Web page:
Business / Economy

Amazon delivery hub opens in Hollister

The facility will route packages to customers San Benito County, Monterey Peninsula and Los Banos.
Alexander Bronson, station manager, said the Amazon facility would deliver packages from Los Banos to Carmel. Photo by John Chadwell.
Alexander Bronson, station manager, said the Amazon facility would deliver packages from Los Banos to Carmel. Photo by John Chadwell.
Mayor Ignacio Velazquez speaking with media about the new warehouse's impact to the community. Photo by John Chadwell.
Mayor Ignacio Velazquez speaking with media about the new warehouse's impact to the community. Photo by John Chadwell.
Hundreds of empty bins waiting for packages to be delivered late at night. Photo by John Chadwell.
Hundreds of empty bins waiting for packages to be delivered late at night. Photo by John Chadwell.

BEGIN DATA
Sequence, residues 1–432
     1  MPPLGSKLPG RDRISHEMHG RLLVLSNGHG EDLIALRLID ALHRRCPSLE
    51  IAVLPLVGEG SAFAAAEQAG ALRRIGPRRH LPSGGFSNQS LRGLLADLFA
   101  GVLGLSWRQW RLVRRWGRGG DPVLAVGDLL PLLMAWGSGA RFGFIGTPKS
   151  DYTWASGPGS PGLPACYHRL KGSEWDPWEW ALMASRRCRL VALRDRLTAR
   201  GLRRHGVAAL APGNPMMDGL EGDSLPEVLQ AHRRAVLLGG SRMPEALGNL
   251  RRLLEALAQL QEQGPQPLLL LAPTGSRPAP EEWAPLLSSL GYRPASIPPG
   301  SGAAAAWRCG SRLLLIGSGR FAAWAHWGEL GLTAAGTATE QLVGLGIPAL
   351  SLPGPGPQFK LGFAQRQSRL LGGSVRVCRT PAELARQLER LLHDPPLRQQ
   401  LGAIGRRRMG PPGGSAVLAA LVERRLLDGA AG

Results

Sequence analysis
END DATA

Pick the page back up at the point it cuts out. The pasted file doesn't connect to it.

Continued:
The first delivery vans waiting at the starting line. Photo by John Chadwell.
The first delivery vans waiting at the starting line. Photo by John Chadwell.
The new Amazon facility in Hollister will employ 300, delivering over 20,000 packages daily. Photo by John Chadwell.
The new Amazon facility in Hollister will employ 300, delivering over 20,000 packages daily. Photo by John Chadwell.
Ribbon cutting officially marked the opening of the new Amazon facility in Hollister. Photo by John Chadwell.

Editor’s note: This article was updated to include comments from Hollister Mayor Ignacio Velazquez regarding sales tax from the Amazon warehouse. Last updated on Oct. 4 at 11:20 a.m.